Tuesday, January 19, 2016

Why Labour needs a new leader

It should not be controversial to say that things are not going very well for the Labour Party at the moment.  Some thoughts from the perspective of a leftie Labour supporter about what's going wrong and what to do about it.

Jeremy Corbyn's unexpected victory in the Labour leadership election came before the organisation and wider infrastructure was in place to build support for socialist ideas and values, or he had the chance to learn the basic skills needed to be leader.  

As a result he and his advisers have been a target for the press, internal opponents within Labour and the Tories, and the majority of the public have already decided that he is not fit to be prime minister.

At present, the Labour Left's energies are soaked up by coping ineffectively with day to day crises, and working towards winning a vote at conference on Trident which will not bring the day of nuclear disarmament a single day closer.  Meanwhile, support amongst activists and voters is being eroded by the poor opinion poll ratings and failure to hold the Tories effectively to account.

Jeremy Corbyn's unpopularity is also damaging wider social movements as well as the Labour Party.  For example, the effectiveness of the peace movement will be affected by the fact that its most prominent advocate is someone who a majority of people do not trust to keep us safe.  This makes it harder to persuade people to support unilateral nuclear disarmament or other similar causes.

On current trends, what will happen is that Labour will limp along until 2020, and then suffer a heavy election defeat which makes left wing ideas impossible to put into practice in government for another generation.

There's a reason why Labour's most successful leaders have been elected part way through a parliamentary term rather than just after an election.  It is better to split the five years so that one leader creates space for new ideas and soaks up the initial attacks, and then someone else who has had a chance to think and prepare can come in, introduce themselves effectively to the voters, keep what's been popular and neutralise the weaknesses.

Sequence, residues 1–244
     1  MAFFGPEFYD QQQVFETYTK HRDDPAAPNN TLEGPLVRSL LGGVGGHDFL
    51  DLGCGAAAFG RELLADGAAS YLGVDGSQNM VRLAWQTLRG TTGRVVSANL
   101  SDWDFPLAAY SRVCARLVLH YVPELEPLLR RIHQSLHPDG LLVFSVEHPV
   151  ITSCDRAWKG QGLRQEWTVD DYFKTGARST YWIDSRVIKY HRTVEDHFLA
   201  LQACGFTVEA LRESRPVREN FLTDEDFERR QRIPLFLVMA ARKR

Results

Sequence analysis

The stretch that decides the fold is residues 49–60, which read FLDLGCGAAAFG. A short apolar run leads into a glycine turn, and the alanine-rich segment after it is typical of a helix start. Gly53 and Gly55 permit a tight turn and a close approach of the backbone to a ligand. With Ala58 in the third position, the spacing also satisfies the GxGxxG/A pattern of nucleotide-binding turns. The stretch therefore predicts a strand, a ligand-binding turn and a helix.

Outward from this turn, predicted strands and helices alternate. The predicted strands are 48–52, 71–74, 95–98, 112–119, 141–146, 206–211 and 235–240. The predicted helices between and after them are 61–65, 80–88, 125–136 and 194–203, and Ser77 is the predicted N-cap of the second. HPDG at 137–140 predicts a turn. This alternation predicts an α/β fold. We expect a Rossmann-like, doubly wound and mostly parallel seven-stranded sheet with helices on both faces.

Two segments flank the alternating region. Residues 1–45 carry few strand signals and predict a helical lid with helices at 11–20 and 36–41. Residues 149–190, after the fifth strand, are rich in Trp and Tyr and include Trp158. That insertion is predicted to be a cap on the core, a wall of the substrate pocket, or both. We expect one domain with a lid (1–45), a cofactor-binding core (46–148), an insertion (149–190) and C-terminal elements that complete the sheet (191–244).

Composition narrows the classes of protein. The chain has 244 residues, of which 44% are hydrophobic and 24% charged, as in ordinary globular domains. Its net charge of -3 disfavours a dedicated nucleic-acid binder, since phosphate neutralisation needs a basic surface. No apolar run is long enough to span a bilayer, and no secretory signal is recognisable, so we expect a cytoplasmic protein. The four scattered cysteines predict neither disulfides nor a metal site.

I think that the implications of all this for the Labour Left are that our priorities should be:

Prepare for Jeremy Corbyn to step down from the leadership next year.  It is not in his or anyone else's interests for Jeremy to fight the next election as Labour Party leader and be blamed for our heavy defeat.  If, instead, he steps down at a time of his choosing, he will become a much respected elder statesman and known as the man who put the good of the movement ahead of his own personal ambition.

In the mean time, focus on promoting those socialist ideas which have majority support amongst the public, and downplay those which do not.  We need our ideas to be seen as common sense, reassuring, and relevant to people's day to day lives.

Develop a cadre of future leaders, and ensure that they have the opportunity to develop their skills, experience and profile.  Invest in our policy development and organisational infrastructure so that by 2020 we have the ability to mobilise millions behind policy goals which can be implemented in government.

Strengthen the Left's strategic position by building bridges and seeking unity.  Back Dan Jarvis as the obvious outstanding candidate to be the next leader, drop the attempts to change policy on Trident, and in exchange ensure that popular left wing ideas feature heavily in Labour's manifesto for the next election, that rising left wing stars get the opportunities to become MPs and shadow ministers, and that the Labour has an open and welcoming culture which makes use of the skills and talents of its members to win power in 2020.